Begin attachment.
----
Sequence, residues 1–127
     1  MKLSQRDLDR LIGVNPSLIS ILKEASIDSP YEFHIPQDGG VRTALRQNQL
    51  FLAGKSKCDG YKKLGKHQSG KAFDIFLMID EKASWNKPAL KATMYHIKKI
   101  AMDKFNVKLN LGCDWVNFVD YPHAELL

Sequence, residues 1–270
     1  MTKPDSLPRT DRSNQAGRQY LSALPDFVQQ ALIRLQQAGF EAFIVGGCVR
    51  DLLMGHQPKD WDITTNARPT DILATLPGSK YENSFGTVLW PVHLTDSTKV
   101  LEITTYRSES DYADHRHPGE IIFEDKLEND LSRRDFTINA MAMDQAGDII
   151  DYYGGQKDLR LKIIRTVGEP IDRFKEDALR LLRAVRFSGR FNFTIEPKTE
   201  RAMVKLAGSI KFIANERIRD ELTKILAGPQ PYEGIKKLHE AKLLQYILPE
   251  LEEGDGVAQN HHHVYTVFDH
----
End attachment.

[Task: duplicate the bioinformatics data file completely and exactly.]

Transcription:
Sequence, residues 1–127
     1  MKLSQRDLDR LIGVNPSLIS ILKEASIDSP YEFHIPQDGG VRTALRQNQL
    51  FLAGKSKCDG YKKLGKHQSG KAFDIFLMID EKASWNKPAL KATMYHIKKI
   101  AMDKFNVKLN LGCDWVNFVD YPHAELL

Sequence, residues 1–270
     1  MTKPDSLPRT DRSNQAGRQY LSALPDFVQQ ALIRLQQAGF EAFIVGGCVR
    51  DLLMGHQPKD WDITTNARPT DILATLPGSK YENSFGTVLW PVHLTDSTKV
   101  LEITTYRSES DYADHRHPGE IIFEDKLEND LSRRDFTINA MAMDQAGDII
   151  DYYGGQKDLR LKIIRTVGEP IDRFKEDALR LLRAVRFSGR FNFTIEPKTE
   201  RAMVKLAGSI KFIANERIRD ELTKILAGPQ PYEGIKKLHE AKLLQYILPE
   251  LEEGDGVAQN HHHVYTVFDH